Hypothesis: The optimum height of an inflorescence is expected to be the result of costs and benefits for the plant, where the benefit is pollination and the costs are herbivory and allometric growth. Thus, plants with more resources will have taller flower stalks, will provide a greater reward to pollinators, and will be preferred by pollinators. However, in populations subject to stronger herbivory, mean stalk height will be shorter. Organism: We studied populations of a hysteranthous and tall-stalked geophyte, the Negev desert lily (Pancratium sickenbergeri), subject to varying levels of herbivory by dorcas gazelles (Gazella dorcas). Field site: Sandy habitats in Makhtesh Katan and Makhtesh Ramon, in the Negev Desert, Israel. Methods: We measured the survival and frequency distribution of floral stalk height, bulb size and condition (by artificially simulating bulb herbivory), pollinator preference, rewards for the pollinators (pollen grains per plant and the energetic value of the nectar per flower), and fruit and seed production. We then compared stalk height between populations and correlated stalk height, pollen and nectar, and seed production. Results: Lilies in populations with high herbivory produced shorter inflorescences than in populations with low herbivory. The condition of the bulb affected stalk production, but not its height or seed production. The pollinator preference results were inconclusive. Taller inflorescences produced more rewards for pollinators. We observed variability in fruit and seed production due to the size of the flower stalk and this variability differed among the populations with different levels of herbivory.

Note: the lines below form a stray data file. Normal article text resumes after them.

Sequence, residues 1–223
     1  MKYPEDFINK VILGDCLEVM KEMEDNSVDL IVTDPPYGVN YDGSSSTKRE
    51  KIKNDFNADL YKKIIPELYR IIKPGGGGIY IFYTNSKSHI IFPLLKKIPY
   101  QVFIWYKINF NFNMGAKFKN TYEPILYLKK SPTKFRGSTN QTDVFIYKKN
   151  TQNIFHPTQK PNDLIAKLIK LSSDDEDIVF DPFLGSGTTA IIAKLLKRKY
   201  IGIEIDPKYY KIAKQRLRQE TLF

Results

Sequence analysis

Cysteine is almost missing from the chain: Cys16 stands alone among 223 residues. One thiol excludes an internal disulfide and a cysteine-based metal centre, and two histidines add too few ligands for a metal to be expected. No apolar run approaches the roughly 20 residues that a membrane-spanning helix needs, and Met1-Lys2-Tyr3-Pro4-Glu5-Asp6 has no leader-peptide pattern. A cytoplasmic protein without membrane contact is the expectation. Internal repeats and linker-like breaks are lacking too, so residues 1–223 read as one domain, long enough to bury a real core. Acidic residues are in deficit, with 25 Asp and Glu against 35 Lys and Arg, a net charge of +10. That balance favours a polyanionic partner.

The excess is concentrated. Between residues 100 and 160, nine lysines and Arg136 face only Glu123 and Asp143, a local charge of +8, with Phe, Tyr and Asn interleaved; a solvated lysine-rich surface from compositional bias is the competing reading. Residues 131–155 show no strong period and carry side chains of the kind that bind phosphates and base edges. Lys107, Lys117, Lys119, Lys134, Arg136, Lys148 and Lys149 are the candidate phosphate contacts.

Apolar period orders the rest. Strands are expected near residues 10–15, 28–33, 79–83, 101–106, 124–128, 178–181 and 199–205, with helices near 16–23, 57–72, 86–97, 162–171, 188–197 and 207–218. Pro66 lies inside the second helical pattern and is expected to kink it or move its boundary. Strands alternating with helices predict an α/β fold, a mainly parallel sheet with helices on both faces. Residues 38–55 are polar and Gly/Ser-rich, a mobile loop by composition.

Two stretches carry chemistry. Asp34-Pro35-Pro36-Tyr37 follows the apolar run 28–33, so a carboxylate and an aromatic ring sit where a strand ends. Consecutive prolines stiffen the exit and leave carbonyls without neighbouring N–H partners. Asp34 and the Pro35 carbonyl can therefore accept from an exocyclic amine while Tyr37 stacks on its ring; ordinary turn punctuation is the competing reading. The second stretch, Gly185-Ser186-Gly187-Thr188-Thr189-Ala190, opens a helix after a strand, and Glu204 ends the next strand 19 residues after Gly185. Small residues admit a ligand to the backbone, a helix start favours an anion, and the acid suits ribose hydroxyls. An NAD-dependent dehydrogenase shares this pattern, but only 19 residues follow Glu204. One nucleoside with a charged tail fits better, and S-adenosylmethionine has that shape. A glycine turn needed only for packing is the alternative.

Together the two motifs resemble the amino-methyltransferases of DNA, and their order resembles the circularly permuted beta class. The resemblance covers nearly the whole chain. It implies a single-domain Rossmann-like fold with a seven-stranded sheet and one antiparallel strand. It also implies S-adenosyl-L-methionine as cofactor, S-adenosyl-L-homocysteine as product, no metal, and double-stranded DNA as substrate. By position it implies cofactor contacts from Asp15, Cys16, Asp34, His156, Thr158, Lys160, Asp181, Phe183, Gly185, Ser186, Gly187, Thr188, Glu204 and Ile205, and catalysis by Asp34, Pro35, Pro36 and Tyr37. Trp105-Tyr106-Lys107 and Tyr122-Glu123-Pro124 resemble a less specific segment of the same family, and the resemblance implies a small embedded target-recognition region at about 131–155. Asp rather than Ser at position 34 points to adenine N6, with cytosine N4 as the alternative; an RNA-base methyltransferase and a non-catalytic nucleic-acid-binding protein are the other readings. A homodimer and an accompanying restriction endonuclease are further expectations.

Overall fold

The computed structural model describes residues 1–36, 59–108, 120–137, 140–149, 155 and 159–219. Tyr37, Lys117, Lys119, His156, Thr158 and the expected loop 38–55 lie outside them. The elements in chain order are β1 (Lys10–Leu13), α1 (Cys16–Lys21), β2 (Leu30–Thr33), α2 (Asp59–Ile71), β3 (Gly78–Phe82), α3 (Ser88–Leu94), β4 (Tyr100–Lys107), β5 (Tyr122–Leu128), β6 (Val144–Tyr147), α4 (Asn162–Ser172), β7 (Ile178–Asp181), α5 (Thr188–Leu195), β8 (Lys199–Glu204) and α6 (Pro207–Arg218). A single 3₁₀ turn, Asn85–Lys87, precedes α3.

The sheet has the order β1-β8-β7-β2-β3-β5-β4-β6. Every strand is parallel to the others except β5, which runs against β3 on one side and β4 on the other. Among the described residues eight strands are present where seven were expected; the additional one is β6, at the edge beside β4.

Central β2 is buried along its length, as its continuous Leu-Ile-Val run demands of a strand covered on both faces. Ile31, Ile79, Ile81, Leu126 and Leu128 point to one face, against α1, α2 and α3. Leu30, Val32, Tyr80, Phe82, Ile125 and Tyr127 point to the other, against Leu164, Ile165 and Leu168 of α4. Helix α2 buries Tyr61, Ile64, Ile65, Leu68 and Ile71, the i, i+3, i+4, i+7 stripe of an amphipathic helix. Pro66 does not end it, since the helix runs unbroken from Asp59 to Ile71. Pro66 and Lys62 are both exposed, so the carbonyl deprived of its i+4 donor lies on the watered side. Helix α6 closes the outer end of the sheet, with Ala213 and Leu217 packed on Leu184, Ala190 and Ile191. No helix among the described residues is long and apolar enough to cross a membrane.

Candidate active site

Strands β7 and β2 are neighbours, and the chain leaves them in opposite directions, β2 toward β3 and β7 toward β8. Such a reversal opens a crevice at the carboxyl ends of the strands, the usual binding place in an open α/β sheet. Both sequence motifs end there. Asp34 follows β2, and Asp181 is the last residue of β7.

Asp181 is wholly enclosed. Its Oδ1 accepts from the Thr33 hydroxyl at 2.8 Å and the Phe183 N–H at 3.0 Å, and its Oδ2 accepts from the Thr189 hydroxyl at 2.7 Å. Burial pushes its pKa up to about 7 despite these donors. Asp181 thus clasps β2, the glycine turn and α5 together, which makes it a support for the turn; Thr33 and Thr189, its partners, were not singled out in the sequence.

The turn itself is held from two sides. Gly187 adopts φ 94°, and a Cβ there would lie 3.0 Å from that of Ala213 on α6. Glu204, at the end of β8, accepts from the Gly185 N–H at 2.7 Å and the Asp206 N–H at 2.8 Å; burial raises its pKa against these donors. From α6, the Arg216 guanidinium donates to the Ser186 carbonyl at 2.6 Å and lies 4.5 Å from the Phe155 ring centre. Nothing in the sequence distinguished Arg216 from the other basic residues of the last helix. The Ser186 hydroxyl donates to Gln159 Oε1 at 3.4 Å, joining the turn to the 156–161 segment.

|Number of pages||14|
|Journal||Evolutionary Ecology Research|
|State||Published - 1 Dec 2006|
- Mammalian herbivory
- Reliable signals